“We think there is a lot of value in including as many capabilities as possible in this region, and certainly Israel has significant air and missile defense capabilities, as they need. But we are having these discussions bilaterally with these countries,” an official told reporters.
It could be difficult to sell a plan to link air defense systems to Arab countries that have no ties to Israel and refuse to be part of an alliance seen as against Iran, which has a powerful regional network of proxies including Iraq, Lebanon and Yemen.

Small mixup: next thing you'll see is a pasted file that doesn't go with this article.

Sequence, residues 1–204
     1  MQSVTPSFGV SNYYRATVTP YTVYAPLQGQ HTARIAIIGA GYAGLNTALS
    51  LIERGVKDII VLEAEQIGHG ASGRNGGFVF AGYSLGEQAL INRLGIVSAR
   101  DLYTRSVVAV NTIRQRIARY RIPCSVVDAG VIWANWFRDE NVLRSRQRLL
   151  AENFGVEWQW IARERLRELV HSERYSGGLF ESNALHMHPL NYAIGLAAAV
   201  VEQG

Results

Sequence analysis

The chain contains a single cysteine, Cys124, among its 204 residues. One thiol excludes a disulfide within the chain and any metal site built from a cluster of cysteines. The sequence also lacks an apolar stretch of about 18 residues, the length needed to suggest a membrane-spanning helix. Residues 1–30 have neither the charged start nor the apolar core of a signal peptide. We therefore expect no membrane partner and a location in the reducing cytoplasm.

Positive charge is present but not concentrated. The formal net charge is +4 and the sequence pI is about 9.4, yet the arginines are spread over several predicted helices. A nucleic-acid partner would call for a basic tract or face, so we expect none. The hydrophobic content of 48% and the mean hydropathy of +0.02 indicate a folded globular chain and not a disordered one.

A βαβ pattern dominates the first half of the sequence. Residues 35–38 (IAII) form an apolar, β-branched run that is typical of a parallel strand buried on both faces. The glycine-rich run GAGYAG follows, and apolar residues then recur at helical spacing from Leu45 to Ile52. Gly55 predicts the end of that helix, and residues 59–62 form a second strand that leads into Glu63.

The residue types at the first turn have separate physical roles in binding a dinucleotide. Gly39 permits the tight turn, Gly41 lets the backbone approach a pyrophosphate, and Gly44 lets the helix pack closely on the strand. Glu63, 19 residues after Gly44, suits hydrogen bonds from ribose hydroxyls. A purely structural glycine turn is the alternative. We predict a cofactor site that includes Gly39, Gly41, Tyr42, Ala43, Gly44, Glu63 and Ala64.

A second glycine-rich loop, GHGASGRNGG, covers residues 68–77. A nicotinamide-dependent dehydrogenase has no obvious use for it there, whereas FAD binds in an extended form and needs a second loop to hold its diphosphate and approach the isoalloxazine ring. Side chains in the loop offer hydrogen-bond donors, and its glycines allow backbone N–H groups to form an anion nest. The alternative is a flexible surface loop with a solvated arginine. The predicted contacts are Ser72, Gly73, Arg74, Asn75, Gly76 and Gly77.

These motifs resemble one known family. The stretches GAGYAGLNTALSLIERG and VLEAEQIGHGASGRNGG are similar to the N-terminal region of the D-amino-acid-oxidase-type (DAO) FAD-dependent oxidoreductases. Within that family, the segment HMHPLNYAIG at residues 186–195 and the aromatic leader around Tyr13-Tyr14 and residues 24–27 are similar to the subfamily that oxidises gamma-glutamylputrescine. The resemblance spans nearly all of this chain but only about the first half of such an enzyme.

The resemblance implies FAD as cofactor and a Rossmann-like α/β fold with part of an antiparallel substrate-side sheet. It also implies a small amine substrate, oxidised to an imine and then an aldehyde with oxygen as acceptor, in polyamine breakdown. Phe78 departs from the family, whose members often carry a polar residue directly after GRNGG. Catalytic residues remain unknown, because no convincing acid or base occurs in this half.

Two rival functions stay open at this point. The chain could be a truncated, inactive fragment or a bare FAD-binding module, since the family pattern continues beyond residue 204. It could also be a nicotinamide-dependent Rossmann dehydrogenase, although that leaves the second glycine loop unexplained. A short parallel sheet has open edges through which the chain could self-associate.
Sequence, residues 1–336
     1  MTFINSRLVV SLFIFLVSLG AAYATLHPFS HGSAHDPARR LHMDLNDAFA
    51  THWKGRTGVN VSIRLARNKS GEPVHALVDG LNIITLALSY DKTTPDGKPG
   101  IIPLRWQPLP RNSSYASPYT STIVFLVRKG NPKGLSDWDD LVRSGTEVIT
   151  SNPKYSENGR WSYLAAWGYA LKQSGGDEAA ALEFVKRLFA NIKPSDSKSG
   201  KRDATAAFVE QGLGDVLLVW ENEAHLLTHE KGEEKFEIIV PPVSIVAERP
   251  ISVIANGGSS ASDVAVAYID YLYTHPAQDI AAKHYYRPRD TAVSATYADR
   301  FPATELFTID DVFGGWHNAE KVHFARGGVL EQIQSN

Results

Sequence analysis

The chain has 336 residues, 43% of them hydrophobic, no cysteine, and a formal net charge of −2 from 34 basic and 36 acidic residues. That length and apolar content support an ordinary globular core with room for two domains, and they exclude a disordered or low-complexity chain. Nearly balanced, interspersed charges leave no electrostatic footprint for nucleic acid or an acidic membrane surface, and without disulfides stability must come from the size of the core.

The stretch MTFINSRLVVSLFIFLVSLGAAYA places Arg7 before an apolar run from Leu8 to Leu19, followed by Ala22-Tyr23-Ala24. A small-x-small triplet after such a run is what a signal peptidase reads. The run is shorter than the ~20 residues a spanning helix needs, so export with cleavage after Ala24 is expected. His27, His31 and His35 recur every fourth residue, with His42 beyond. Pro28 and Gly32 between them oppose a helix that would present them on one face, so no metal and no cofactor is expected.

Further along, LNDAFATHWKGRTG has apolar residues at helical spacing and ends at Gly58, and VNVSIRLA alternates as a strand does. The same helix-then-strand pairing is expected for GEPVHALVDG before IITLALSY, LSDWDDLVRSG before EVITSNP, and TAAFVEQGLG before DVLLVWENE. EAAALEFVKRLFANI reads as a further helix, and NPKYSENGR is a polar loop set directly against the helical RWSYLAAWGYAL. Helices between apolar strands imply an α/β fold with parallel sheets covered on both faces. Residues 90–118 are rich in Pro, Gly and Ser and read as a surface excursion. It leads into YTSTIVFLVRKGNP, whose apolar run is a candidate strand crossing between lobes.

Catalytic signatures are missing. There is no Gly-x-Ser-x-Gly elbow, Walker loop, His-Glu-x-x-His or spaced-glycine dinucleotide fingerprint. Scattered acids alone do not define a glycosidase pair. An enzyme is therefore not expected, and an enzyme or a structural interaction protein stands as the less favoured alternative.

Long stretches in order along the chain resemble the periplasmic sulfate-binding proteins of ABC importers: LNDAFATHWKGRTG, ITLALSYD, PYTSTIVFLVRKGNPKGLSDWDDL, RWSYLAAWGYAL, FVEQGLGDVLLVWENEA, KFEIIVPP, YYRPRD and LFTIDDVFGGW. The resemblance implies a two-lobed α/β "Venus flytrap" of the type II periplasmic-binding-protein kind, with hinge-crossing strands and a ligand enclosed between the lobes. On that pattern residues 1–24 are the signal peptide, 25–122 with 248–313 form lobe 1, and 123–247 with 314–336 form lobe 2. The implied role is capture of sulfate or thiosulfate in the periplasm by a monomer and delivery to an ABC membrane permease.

The Saudi foreign minister, Prince Faisal bin Farhan Al Saud, said he was not aware of any discussions about a Gulf-Israel defense alliance and that the kingdom was not involved in such talks.
He told reporters after the US-Arab summit that Riyadh’s decision to open its airspace to all airlines has nothing to do with establishing diplomatic relations with Israel and is not a prelude to further steps. Read more
Biden focused on the summit with six Gulf states, Egypt, Jordan and Iraq, while playing down the meeting with Mohammed bin Salman, which has drawn criticism in the United States over human rights concerns.
Biden said he would make Saudi Arabia a regional power “pariah” on the world stage over the 2018 murder of journalist Jamal Khashoggi by Saudi agents, but ultimately decided that US interests dictated a recalibration, not a rupture, in relations with the world’s largest oil. source.